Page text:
Someday all telecom connections to the building may be fiber. That day is not today by any means. Something like a mere 12% of all business locations are currently lit for fiber optic service. Some could be but the demand isn’t there. Others might be except for the construction costs. Others still are nowhere near a fiber point of presence and won’t be in the near future.
That leaves copper as the most popular way to bring telecom services into a facility. The standardized connection is the local loop. This is a pair of small diameter plastic insulated copper wires that are twisted together to reduce noise and crosstalk pickup. One end of the copper pair terminates at a network interface device mounted on or inside the building to be served. The other end runs to the nearest central office location up to a few miles away.
Residential local loops or subscriber lines typically have two copper pair or four wires in a small diameter cable. Business locations can have dozens of individual pairs in a binder cable. Each pair can carry one analog telephone line. Two pair can provide 24 digital phone lines or a broadband data line. A dry pair has no signal at all. It is an unpowered circuit between two points. This local loop is owned by the incumbent local phone company but can be leased by competitive carriers.
What competitive carriers are doing is deploying a new bandwidth technology on the local loops that they lease. It’s called Ethernet over Copper for good reason. The last mile connection is two or more local loops connected to EoC equipment at both ends of the line. One electronics box is mounted at the central office. The other is installed in your building.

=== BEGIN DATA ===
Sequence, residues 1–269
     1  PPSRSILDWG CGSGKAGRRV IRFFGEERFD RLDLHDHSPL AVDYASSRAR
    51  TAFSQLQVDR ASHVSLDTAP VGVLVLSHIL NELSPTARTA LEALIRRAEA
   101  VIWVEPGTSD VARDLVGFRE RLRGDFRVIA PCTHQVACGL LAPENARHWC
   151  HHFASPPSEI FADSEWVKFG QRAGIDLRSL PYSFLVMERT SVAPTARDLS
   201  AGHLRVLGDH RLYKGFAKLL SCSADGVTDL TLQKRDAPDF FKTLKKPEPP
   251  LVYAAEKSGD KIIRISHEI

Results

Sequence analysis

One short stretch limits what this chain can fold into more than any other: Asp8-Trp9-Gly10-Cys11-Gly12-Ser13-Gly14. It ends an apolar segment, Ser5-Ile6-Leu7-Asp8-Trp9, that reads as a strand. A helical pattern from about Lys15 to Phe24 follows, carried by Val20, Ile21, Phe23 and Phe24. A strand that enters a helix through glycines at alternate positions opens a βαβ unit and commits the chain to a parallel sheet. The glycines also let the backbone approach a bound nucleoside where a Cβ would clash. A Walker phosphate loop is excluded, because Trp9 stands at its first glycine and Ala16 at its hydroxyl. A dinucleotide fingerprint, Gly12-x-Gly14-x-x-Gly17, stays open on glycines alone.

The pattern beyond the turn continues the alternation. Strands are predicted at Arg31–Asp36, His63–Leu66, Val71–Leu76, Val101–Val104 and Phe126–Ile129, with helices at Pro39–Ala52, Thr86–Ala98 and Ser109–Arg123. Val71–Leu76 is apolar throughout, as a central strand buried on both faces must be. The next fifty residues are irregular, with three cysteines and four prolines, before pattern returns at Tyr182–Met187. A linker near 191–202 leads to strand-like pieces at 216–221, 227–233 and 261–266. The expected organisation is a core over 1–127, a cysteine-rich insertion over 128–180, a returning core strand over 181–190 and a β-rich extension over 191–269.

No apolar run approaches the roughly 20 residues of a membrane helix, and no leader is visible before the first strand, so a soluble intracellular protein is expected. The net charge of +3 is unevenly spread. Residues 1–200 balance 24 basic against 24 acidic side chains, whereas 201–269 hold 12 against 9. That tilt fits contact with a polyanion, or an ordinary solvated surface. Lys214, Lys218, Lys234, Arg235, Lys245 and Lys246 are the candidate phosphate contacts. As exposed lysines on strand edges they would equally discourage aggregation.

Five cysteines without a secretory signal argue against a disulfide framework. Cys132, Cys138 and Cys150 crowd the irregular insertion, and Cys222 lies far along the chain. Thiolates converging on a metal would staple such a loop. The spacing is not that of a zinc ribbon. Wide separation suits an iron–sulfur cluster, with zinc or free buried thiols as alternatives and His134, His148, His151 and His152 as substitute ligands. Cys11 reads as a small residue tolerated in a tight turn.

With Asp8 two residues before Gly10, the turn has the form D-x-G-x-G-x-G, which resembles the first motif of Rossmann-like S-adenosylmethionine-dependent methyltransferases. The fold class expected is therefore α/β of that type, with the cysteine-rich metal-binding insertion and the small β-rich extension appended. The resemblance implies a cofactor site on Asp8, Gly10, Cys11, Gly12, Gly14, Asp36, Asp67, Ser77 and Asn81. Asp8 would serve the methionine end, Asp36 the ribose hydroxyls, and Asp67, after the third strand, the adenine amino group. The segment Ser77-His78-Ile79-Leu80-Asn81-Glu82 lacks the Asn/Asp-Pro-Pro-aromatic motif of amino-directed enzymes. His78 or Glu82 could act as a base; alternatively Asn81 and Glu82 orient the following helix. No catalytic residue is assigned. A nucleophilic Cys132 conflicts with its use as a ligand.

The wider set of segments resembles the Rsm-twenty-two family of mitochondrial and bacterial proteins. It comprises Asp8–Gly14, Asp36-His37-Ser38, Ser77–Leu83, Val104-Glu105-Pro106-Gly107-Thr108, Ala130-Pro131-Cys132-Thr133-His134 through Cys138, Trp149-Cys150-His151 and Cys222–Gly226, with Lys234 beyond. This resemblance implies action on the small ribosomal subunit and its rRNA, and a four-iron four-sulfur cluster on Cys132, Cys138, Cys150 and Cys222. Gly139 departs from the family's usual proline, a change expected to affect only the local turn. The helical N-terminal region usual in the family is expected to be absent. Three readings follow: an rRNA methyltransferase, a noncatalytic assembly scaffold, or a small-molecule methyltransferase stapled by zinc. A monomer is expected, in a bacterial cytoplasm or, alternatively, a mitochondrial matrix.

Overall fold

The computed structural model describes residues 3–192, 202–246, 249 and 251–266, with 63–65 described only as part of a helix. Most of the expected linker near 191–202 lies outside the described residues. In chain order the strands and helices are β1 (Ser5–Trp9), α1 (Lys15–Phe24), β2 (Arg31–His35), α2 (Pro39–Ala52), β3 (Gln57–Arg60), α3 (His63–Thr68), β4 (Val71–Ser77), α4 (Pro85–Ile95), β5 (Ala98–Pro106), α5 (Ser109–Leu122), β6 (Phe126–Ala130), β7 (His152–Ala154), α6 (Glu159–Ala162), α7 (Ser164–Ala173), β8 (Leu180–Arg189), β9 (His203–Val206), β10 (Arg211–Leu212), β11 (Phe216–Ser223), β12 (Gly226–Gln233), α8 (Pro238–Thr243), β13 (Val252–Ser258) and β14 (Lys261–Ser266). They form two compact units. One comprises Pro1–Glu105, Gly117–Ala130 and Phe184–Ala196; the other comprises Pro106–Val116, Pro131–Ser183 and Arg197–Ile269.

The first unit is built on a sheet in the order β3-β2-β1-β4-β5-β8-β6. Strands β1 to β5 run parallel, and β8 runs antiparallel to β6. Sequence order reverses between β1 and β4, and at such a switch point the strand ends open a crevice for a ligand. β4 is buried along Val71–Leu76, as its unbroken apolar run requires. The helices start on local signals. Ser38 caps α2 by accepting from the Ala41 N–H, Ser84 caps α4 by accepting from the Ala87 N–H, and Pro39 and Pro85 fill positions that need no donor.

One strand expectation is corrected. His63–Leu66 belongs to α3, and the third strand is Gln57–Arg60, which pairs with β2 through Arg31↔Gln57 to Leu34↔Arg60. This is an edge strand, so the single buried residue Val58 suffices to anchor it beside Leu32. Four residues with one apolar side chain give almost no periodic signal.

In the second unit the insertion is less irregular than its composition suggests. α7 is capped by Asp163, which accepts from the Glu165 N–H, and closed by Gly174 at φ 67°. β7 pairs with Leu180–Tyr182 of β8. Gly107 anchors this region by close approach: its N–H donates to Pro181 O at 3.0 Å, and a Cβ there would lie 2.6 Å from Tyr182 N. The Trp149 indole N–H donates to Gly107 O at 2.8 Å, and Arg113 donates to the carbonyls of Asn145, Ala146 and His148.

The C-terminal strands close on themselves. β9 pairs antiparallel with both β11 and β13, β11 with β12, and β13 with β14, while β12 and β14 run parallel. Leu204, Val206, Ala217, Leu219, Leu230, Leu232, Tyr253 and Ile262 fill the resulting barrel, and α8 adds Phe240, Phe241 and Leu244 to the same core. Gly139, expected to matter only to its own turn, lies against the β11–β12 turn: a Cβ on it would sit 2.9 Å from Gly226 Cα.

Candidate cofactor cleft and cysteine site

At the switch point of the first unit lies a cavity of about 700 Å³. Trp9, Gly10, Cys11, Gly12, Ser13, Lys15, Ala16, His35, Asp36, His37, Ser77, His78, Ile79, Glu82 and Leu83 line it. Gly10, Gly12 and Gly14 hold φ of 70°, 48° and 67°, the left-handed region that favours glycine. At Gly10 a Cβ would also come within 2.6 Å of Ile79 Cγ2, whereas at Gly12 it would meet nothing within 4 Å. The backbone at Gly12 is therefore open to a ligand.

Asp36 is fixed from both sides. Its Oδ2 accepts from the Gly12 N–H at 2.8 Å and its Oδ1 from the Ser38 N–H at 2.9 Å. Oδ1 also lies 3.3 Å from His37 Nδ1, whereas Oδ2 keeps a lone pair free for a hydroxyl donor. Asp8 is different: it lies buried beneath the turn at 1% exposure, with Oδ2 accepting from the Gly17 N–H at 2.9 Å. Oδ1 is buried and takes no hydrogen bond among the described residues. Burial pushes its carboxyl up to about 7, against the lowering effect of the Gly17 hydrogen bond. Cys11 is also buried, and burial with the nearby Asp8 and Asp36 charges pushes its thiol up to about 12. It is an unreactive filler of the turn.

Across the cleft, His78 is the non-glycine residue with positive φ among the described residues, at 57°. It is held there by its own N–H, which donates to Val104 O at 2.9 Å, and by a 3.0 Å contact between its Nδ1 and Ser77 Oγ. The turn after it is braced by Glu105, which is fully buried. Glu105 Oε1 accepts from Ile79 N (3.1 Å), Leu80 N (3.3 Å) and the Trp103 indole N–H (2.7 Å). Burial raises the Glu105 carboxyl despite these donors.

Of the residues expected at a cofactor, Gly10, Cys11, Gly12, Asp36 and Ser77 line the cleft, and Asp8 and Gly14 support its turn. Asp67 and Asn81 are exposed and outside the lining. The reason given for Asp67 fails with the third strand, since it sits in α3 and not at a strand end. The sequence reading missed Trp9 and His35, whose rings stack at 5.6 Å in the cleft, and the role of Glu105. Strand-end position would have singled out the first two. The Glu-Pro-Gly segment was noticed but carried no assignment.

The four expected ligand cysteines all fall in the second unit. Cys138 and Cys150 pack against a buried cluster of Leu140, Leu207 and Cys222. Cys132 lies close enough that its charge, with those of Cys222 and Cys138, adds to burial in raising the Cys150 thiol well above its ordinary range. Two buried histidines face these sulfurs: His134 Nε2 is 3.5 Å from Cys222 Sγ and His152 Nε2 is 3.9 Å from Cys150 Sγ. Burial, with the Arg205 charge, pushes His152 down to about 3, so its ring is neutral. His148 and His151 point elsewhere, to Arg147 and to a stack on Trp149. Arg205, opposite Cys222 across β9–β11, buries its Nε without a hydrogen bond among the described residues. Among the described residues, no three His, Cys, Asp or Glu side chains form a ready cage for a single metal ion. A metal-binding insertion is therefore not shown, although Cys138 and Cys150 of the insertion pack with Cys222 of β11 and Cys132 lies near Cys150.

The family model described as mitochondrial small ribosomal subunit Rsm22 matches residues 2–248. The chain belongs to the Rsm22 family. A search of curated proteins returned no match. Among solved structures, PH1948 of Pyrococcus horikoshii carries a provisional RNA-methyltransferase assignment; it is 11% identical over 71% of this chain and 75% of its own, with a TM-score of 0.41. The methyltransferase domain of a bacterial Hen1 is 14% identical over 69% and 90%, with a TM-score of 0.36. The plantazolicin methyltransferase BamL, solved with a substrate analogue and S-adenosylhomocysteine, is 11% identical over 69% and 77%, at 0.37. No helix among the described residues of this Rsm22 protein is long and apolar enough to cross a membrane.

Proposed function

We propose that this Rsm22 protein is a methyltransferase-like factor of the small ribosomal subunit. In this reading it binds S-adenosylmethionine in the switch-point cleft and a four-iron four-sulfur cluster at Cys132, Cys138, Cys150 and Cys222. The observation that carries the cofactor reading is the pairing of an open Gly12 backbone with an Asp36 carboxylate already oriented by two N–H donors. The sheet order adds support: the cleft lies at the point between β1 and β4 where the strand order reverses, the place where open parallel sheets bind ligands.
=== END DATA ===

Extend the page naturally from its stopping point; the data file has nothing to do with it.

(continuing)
What does Ethernet over Copper offer? It’s a way to deliver higher bandwidth than you can generally get with T1 lines, another user of the local loop. T1 lines are provisioned on one or two copper pair and deliver 1.5 Mbps of bandwidth. You need an interface box called a CSU/DSU to convert that to an Ethernet protocol that will connect to your LAN. Often the CSU/DSU is a circuit card that plugs into an edge router rather than a separate box. With Ethernet over Copper, that circuit interface is unnecessary. The signal from your service provider is already in Ethernet protocol.
EoC services are available from 2 Mbps on up to 200 Mbps. The 2 and 3 Mbps levels are good replacements for T1 lines as they offer more bandwidth at about the same price. Many companies are now upgrading to 10 or 20 Mbps as more sophisticated online applications are bandwidth hungry. Also, more content from the Internet is now video which benefits from higher bandwidth connections.
The higher Ethernet over Copper bandwidths can replace DS3 services (45 Mbps) and even fiber optic lines at the OC-3 (155 Mbps) level. In addition to a considerable savings on the monthly lease cost, these bandwidths can help a company avoid fiber optic construction costs and still get the line speed they require. By the time fractional or full Gigabit bandwidth is needed, your building may be lit for fiber optic services.
EoC is strictly a business location service as of now. Cable broadband serves the residential market that hasn’t kept a local loop in service for DSL. Businesses, however, have more demand for copper wireline circuits than ever before. Plunging costs on T1 lines and EoC services are causing even small convenience stores and other retailers to rethink satellite links in favor of higher bandwidth, highly reliable and reasonably priced copper-based connections.
Could your business benefit from more bandwidth at lower prices that you’d expect? Find out what Ethernet over Copper bandwidth services are available for your location or locations and how much they cost with an immediate online quote. You may be surprised that you can easily upgrade without having to pay more.